According to the latest forecast, Lowndes County has an 80% chance of experiencing Tropical Storm Force winds (39-74 mph) and a 30% chance of experiencing Hurricane Force winds of 75 mph or greater. This being the case, citizens should take advantage of the time between now and when winds arrive to secure outdoor furniture, toys, trampolines, etc.
The main area of uncertainty with the current forecast is timing. The forward motion of the storm has fluctuated and it is uncertain how the forward movement will be affected once the storm reaches the warm waters of the Gulf of Mexico. Currently, the earliest reasonable time of arrival of Tropical Storm Force winds is late Tuesday night or early Wednesday morning. Based on the current forecast, the most likely time Lowndes County could feel the impact of Tropical Storm force winds is Wednesday mid-morning. Regardless, citizens should prepare now to ensure readiness in the event the storm arrives earlier than expected.
The tornado threat for Lowndes County is categorized as Elevated. Since our area is forecast to be in what is termed the “right front quadrant” of the storm, there is an increased risk of being impacted by tornadoes that may develop from the approaching severe weather. Tornados can form anywhere within a storm, but the northeast area tends to produce the most tornadic activity. Based on the current forecast, Lowndes County’s tornado threat increases significantly by tomorrow afternoon. Citizens are encouraged to remain aware of their surroundings during periods of severe weather. Know the difference between a watch and a warning. A watch indicates conditions are favorable, a warning means tornadic activity has been identified. In the event of a tornado warning, seek shelter away from windows and outside walls or doors.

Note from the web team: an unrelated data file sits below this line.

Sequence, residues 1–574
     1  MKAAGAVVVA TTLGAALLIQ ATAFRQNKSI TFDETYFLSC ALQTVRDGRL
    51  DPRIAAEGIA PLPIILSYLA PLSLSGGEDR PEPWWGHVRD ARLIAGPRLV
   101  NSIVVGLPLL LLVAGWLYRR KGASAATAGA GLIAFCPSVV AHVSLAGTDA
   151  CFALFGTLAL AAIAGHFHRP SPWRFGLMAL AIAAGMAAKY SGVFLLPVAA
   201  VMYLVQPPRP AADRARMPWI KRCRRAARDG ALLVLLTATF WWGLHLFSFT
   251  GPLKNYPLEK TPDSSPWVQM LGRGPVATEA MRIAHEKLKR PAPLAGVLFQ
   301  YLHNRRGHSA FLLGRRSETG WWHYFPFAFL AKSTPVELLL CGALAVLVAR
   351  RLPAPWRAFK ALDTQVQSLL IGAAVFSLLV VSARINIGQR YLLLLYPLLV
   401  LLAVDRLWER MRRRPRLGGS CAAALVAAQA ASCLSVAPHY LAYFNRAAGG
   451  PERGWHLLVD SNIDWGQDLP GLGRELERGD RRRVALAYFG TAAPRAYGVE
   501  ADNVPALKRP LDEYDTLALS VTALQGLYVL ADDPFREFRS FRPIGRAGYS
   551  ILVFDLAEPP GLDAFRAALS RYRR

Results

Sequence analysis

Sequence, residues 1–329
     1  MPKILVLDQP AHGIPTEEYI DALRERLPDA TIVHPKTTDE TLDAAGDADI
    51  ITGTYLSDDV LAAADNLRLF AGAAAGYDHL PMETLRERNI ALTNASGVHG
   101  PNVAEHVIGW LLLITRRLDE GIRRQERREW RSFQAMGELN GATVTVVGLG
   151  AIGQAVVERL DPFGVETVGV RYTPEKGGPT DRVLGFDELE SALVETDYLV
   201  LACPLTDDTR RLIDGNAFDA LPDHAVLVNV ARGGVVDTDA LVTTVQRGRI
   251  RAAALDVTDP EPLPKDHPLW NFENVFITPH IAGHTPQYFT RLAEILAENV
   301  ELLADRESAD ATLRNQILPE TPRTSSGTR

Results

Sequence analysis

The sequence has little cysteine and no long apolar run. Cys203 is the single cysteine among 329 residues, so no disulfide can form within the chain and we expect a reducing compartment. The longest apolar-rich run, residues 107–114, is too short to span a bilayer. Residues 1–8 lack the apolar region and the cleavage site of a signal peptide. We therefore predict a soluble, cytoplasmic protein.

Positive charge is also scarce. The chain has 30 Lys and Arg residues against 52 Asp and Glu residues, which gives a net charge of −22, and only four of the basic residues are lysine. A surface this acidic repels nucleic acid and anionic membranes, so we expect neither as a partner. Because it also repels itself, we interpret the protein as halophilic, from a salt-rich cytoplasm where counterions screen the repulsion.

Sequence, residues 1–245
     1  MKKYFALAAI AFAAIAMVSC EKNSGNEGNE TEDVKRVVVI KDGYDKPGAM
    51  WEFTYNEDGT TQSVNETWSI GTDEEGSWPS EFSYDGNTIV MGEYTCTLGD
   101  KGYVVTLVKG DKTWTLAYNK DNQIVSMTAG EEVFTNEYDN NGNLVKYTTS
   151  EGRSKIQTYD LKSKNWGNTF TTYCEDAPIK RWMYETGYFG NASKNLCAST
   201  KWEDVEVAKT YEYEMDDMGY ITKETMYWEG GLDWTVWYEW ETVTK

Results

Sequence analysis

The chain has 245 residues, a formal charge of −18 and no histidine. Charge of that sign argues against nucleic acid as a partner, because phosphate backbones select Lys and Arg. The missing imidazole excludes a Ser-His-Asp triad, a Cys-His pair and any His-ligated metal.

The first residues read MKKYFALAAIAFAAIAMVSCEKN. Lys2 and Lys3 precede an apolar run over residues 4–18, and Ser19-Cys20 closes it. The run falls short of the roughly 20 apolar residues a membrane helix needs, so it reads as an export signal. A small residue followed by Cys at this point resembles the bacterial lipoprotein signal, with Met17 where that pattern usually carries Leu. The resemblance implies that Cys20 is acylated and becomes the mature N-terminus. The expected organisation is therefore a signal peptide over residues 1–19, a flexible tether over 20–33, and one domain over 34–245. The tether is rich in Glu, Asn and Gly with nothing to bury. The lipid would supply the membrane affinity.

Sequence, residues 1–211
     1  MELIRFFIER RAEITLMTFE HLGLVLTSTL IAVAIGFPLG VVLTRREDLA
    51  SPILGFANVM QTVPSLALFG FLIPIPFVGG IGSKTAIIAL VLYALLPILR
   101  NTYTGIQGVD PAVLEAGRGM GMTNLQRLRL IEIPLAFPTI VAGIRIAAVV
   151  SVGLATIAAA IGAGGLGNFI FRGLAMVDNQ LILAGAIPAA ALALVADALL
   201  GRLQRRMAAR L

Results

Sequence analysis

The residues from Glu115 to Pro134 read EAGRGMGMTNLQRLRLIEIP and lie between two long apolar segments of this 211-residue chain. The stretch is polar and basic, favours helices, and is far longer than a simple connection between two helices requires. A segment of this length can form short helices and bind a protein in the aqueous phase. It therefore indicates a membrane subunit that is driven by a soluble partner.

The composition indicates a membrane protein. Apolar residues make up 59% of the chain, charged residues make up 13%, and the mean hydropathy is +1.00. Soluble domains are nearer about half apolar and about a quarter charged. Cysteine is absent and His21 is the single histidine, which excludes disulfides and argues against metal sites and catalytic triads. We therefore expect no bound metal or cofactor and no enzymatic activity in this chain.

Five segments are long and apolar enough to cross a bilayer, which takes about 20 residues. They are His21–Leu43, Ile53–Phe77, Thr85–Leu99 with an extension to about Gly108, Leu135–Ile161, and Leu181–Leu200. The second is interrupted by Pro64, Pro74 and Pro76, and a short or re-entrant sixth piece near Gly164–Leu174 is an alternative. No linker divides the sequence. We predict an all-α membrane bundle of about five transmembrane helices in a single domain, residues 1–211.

The current forecast indicates Michael will bring 4-5 inches of rain to the area. Citizens should expect periods of heavy rainfall. While river flooding is not expected at this time, flash flooding from heavy rain during a short period of time is a legitimate concern. Citizens should avoid flooded roads, streets, and bridges. Significant infrastructure damage could exist under floodwaters. Crossing flooded areas could result in injury or loss of life. Do not put yourself or emergency responders in danger. Flash flood waters recede fairly quickly. A brief delay in travel could save a life.
Lowndes County Emergency Management will continue to monitor conditions as Tropical Storm Michael develops. In the event severe weather results in downed trees and power lines, citizens should be prepared to sustain themselves for a three-day period. Supplies such as bottled water, non-perishable food items, prescription medications, flashlights, batteries, infant supplies, cleaning supplies, first aid items, etc., should be on hand. For preparedness checklists visit www.ready.ga.gov.
Please remember local ordinances require pets to be kept safe during periods of severe weather. In the event pets cannot be brought inside, pet owners are still responsible for providing a safe shelter.
As with any response, communication remains key. Emergency Management Officials would like to remind citizens in Lowndes County that the Tallahassee Division of the National Weather service is the official government weather source for our area. In addition, citizens are encouraged to sign up for CodeRed, Lowndes County’s free emergency notification system, by visiting www.lowndescounty.com, and clicking on the CodeRed icon. Emergency Management will use CodeRed for specific messaging and citizens may opt in to receive weather warnings directly from the National Weather Service. In the event other communication options fail, citizens are should have a working, NOAA weather radio. Citizens may also follow Lowndes County Emergency Management on Facebook by liking, EMA Lowndes.”